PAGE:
On Saturday, March 17, more than 65 registered Republican voters gathered at the Caldwell County courthouse in Kingston to choose their presidential nominee… sort of. Little more than a month after voters went to the polls to cast their ballots in a non-binding, presidential preference primary, politicians in counties all over Missouri asked them to choose again, only this time by holding a caucus.
A caucus is an event where the members of a specific political party gather to select delegates to represent them. However, unlike a traditional primary, where voters simply stroll in, cast a vote, and walk out, caucuses encourage candidates to campaign on site. When the campaigning is complete, voters choose the delegates they would like to send on to the state nominating convention in Springfield on June 1. The number of delegates allowed varies from one county to another and is determined by the number of people who voted in 2008; consequently a four-member slate was up for grabs in Caldwell County.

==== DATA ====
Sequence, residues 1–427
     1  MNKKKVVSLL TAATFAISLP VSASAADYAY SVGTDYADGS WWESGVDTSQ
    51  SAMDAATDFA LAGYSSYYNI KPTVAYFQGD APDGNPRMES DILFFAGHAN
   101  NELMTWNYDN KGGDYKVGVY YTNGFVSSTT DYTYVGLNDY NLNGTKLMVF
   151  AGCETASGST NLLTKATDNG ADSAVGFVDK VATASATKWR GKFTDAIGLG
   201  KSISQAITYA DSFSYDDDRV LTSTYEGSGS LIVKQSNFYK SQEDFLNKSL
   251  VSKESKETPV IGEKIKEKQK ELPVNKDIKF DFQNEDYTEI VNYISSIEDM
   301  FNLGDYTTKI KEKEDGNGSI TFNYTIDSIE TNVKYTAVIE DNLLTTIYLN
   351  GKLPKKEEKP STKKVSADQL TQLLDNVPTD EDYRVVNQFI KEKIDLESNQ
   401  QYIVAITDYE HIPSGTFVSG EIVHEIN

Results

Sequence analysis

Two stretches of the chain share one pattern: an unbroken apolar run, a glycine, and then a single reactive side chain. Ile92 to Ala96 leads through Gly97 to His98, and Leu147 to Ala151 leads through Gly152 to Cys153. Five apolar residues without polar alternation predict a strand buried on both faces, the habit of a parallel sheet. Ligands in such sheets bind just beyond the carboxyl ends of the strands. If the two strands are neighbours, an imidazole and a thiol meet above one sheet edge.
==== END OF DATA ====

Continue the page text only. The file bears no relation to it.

By design, the caucus is intended to be an orderly, efficient affair. However, things in Kingston did not go according to plan. Ron Paul supporters attempted to take control of the meeting early on by challenging Chairman Richard Lee’s presentation of the rules when the proceedings opened- a standard part of caucus procedure. But as they argued with the Lee, things quickly became contentious.
For the complete article, see the March 21 issue of The Caldwell County News